That concept of having something to prove has stuck with me throughout my career. I would kill my body trying to keep up with the high ballers, who were almost always guys.
There was an added pressure to prove my abilities. It motivated me – and I know it doesn’t for everybody – but I’m a very competitive person!
What can companies do to address some of these barriers for women?
My foreman in my first year really valued having a 50-50 ratio in his crew and he worked really hard to hire that way. We really strive to have diversity and a 50-50 representation of men and women, and it doesn’t always happen, but there is a huge commitment from our company to see that through.
We also have women in leadership roles specifically in the tree-planting sphere. Having a female supervisor in a camp changes the dynamics. In my experience, a female supervisor tends to listen and include everybody’s voices and perspectives. Even if you’re just talking about the plan for the next day. And in my office specifically, my manager is strong female leader who came up as a tree planter and I think her presence in a senior leadership role has definitely had a trickle-down effect in our office. We have a female-dominated office, I think it’s the only one in the company, and I think a lot of that is a testament to her leadership.
From a company perspective, what I like to do is research the demographics of the population in the area that we are working. I think your workforce should reflect those demographics. If you’re working in a northern region and there is a high percentage population of Indigenous people, it’s so important to be inclusive of those people in your workforce. In Thunder Bay there is a higher population of South Asians coming to our city and it’s important to include them in your workforce.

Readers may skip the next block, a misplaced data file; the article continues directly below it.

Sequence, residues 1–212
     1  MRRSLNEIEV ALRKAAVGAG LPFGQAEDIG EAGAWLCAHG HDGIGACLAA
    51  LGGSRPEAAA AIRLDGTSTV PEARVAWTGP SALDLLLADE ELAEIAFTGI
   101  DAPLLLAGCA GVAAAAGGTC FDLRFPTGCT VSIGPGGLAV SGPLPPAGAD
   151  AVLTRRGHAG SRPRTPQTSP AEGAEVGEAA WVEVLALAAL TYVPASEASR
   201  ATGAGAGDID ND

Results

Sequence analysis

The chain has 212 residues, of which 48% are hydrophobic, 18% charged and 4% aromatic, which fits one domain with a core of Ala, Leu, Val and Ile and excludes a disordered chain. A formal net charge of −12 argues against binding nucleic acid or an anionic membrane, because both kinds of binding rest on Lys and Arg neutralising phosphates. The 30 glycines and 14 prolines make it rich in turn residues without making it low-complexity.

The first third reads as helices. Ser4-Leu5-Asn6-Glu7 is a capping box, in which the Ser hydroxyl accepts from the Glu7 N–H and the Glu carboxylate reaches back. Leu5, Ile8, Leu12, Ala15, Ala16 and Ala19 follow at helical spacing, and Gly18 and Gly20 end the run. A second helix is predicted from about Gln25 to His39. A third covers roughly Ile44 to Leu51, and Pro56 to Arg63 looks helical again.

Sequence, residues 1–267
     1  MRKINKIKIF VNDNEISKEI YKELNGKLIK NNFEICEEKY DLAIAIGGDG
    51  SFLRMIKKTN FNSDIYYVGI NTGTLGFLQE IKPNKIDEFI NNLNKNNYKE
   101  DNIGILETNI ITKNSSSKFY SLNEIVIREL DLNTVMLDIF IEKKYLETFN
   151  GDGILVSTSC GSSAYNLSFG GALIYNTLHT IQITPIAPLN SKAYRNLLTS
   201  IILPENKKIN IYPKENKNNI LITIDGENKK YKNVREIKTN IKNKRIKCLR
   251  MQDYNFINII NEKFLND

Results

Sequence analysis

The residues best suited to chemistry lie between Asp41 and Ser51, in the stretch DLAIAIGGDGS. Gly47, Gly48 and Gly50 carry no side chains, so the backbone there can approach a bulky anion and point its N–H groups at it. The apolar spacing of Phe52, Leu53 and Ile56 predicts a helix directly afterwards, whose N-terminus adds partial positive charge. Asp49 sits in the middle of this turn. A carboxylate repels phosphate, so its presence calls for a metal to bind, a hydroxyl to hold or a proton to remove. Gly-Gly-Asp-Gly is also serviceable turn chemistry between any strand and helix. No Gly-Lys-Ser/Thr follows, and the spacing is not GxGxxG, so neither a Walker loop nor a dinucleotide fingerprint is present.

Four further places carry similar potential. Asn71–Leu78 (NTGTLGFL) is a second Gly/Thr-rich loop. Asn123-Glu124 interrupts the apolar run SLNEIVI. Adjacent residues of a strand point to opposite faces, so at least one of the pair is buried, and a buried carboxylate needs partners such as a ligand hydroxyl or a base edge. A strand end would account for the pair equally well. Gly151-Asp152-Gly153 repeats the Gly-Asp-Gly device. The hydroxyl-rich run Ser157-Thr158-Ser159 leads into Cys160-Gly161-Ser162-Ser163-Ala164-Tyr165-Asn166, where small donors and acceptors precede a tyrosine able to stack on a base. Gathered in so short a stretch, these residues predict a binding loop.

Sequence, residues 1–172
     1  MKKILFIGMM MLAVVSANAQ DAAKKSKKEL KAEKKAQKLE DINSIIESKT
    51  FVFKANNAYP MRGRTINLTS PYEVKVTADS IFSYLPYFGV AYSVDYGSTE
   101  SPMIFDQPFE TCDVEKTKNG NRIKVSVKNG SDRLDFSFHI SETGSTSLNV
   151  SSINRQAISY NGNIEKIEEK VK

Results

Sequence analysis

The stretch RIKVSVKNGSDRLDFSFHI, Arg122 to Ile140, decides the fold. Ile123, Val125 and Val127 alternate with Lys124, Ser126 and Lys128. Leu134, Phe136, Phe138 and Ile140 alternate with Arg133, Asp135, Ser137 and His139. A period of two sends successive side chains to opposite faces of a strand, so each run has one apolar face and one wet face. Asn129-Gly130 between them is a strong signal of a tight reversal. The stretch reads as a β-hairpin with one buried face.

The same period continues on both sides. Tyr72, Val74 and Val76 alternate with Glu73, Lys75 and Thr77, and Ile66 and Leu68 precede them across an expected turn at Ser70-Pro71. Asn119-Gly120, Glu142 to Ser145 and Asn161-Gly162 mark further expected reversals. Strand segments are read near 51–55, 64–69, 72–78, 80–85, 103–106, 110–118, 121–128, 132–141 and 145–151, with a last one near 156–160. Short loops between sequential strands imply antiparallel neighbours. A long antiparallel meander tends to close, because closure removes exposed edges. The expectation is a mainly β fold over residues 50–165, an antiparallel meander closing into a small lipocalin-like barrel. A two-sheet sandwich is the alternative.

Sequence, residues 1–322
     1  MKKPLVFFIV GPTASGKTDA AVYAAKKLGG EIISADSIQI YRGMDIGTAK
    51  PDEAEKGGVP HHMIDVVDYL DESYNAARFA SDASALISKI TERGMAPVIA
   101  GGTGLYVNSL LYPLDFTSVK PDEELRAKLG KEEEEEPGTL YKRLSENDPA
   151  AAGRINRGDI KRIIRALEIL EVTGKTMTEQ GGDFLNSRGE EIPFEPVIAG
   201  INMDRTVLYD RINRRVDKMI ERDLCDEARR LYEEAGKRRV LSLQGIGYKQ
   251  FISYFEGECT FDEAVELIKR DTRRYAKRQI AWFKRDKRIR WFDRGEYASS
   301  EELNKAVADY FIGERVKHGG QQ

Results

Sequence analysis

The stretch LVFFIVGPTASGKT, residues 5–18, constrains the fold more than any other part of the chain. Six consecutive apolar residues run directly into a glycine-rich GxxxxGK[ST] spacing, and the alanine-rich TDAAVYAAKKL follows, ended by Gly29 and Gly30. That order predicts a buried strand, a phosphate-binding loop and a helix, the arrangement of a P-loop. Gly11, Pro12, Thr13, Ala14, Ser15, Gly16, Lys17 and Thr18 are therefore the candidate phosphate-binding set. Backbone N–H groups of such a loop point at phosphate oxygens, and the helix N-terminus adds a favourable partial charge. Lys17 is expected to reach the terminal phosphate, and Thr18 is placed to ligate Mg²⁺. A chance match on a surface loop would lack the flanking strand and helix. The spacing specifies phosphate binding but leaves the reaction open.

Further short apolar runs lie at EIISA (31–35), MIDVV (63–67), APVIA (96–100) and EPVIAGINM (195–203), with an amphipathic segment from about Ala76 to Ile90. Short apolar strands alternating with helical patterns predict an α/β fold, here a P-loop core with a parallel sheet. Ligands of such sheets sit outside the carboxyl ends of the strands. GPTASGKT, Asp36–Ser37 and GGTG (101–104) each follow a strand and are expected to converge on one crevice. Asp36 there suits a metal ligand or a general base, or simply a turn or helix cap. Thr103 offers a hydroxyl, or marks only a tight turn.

On a higher level, having ESG [Environmental, social, and governance] commitments and linking executive pays to meeting ESG commitments. My manager has personal commitments and it plays out in our office.
Senior leaders have a unique opportunity to set the culture and to really reinforce what matters to your company and to live out those philosophies. I think that’s a neat concept for companies to consider.
What advice do you have for those considering a career in tree planting?
Things are so different for people who are tree planting now because of how much information is available to them. When I applied to tree-planting, I was literally mailed a physical package and told to meet on this day and at this time! Now there is so much information – which I think is good and bad.
My advice is to just do it. Know what you’re getting into but don’t overthink it. The internet is saturated with really positive but also really negative stories. You can get in your head about what tree planting is but you can never really know until you experience it. Take a leap of faith. It was one of the best things that I’ve ever done. It’s so good, at least from my perspective, for mental and physical health.
If you’re thinking that this is right for you – go for it!
This post is part of CFI, Pulp & Paper Canada and Canadian Biomass’ Women in Forestry series celebrating International Women’s Day on March 8. Find more content here and follow us on social media with the hashtags: #WomeninForestry, #IWD2022 and #BreaktheBias.
Remember to join us for the Women in Forestry Virtual Summit on Mar. 8 at 11 am ET/8 am PT! It’s FREE to register. Sign up now!